Agile in Europe

Can the various European Agile User Groups benefit from working together? I am cautiously optimistic.

At XP2011 this week, Jurgen Appelo has taken the initiative to launch the Agile Lean Europe network. This is an initiative to bring together representatives from 17 European countries. Sergey Dmitriev and I will be representing Norway. To what end? I’m still not sure.

There is no doubt that there is much Europeans can learn from each other. For example, Norway has long had several active user groups (Oslo XP meetup, Oslo Lean meetup, and Oslo Coding Dojo are my personal favorites). The biggest of these groups gather as many as 100 people on a monthly basis. We have also hosted a local, Norwegian language conference for four years. Last year, the conference had over 400 attendees.

Norway has also had several large public sector projects adopting Scrum, driving the commercial adoption of Agile.

Our “sweet brothers”, the Swedes, on the other hand, don’t seem to have any user groups on the same scale, but they have a local, somewhat smaller Swedish sister conference to Smidig 20xx.

However, the Swedes have several very high-profile speakers, like Marcus Ahnve, Thomas Nilsson, Staffan Nöteberg, Henrik Kniberg, and several others. In Norway, we practically only have local speakers.

Also, the Agile Sweden mailing list is very successful. We have made a few attempts in Norway of getting an online community going, but it has never taken off.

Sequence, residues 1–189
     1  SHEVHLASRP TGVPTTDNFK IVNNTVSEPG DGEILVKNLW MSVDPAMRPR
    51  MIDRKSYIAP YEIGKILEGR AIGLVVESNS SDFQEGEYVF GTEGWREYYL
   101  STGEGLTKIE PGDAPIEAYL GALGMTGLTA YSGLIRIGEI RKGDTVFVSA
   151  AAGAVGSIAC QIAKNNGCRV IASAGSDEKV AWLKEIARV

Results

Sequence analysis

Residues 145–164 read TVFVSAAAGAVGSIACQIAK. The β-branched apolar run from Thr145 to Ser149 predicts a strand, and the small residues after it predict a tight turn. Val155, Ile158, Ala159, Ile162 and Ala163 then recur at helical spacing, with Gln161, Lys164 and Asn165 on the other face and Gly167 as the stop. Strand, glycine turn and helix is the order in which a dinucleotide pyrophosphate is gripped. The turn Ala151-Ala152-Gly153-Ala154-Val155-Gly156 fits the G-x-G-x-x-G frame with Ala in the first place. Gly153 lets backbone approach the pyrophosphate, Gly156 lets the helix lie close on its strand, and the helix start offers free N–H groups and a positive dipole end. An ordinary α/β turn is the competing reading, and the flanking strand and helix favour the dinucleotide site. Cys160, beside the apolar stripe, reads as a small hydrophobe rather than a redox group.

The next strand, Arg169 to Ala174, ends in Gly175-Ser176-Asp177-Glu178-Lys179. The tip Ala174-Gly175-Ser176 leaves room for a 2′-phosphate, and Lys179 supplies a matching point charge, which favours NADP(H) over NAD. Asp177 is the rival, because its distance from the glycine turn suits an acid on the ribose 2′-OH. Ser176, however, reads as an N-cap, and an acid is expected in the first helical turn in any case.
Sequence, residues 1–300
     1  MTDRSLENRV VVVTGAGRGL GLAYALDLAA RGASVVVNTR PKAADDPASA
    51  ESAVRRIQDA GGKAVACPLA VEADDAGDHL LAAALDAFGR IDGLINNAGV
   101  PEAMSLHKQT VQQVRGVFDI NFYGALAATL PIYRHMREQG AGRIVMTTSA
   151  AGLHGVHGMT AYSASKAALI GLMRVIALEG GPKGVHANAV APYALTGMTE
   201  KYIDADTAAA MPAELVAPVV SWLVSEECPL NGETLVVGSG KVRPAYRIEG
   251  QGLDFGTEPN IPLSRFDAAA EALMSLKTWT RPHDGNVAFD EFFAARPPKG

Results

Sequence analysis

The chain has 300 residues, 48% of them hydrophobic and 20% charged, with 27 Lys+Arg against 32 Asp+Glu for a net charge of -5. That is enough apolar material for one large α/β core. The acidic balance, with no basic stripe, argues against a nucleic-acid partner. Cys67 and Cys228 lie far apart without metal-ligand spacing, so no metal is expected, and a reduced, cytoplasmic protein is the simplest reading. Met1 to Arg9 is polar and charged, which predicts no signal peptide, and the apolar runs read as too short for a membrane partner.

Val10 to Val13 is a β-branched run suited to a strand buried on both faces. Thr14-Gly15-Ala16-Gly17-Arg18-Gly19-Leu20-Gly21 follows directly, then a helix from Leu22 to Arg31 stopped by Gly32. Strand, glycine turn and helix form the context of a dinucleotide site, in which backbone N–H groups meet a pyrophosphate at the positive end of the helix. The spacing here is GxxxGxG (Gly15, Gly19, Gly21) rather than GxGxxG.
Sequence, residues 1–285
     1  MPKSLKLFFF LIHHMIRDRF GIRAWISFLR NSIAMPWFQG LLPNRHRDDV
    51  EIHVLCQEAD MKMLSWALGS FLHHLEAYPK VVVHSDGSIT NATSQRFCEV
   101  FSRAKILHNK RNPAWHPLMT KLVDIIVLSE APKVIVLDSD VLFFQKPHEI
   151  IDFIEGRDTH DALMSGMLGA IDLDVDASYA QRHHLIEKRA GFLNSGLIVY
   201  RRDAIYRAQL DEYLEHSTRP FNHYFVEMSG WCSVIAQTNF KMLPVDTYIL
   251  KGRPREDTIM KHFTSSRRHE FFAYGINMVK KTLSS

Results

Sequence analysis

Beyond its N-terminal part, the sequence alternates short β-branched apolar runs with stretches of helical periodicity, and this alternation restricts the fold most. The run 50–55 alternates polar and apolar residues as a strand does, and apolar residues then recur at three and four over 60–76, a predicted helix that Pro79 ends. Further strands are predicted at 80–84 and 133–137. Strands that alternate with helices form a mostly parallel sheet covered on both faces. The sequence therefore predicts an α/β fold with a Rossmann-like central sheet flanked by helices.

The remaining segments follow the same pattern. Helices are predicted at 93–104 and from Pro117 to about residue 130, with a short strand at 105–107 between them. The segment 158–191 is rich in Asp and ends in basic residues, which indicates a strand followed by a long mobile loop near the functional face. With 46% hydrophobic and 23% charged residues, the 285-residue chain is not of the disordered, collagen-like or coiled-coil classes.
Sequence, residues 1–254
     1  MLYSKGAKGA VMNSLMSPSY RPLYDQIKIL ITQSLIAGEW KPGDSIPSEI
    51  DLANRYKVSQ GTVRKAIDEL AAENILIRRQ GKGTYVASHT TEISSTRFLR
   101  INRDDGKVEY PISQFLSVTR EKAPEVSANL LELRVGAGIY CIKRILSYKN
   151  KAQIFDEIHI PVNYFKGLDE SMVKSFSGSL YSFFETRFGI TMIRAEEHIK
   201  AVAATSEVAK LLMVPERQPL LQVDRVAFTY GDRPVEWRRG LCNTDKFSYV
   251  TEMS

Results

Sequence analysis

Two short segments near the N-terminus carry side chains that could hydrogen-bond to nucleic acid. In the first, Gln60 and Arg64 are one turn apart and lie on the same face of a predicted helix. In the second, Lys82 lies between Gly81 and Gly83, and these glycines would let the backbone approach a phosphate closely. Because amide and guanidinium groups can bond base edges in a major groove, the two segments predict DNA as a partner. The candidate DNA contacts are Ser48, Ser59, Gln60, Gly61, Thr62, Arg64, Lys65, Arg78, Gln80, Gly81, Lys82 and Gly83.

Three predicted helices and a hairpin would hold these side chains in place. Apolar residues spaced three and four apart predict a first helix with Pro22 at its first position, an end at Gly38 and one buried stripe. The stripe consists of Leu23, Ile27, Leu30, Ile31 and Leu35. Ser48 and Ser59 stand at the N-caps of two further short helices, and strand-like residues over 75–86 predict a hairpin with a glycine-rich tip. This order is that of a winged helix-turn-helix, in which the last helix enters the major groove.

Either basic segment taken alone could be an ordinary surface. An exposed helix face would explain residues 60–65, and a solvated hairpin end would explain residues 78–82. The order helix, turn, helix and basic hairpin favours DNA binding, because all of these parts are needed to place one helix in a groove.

It seems clear to me that there is a lot we Agile Europeans can learn from each other. Exactly what remains to be seen.

What do you think is the future of the Agile community in Europe?

About Johannes Brodwall

Johannes is Principal Software Engineer in SopraSteria. In his spare time he likes to coach teams and developers on better coding, collaboration, planning and product understanding.
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5 Responses to Agile in Europe

  1. Hi Johannes. Wish I could join you!

    Agile has crossed the chasm in many European countries and I guess it is time to take the next step. A lot of organisations has adopted some agile thinking and practice, but not many are truly agile. It is 10 years after the manifesto and we should probably emphasize on
    experiences more than selling / convincing people. We must share the success stories and try to understand what makes some companies truly agile, while others are agile only by name.

    Exchanging experiences works best between neighbors. The cultural and business differences and are small and in my opinion the credibility of an experience report is higher. And we have better chances of meeting face-to-face of course. The stories coming from big US companies was important in the beginning, but may be less important in the phase we are entering now.

    So, I hope you will manage to create a Strong ALE (like in English Strong Ale;))for the future.

  2. It would be nice to have more high-profile speakers, especially Norwegian ones. I also hope it will become more of a norm for “average agilists” to exchange agile knowledge across borders.

  3. Interesting read, I didn’t know it was this different. Maybe we should invite people from “Agile Lean Europe” as guest speakers at Smidig2011?

    I agree Geir Amsjø, we should focus more on experience sharing. What have we learned from our failures and successes? What does it mean to be agile?

  4. Lisa Crispin says:

    As someone fortunate enough to get to participate in agile conference in Europe, I can attest that there is a strong and active agile community there. I always get new ideas and perspectives when I talk to practitioners there. I’m excited to see this new network, I think no matter where we are in the world, it will benefit us.

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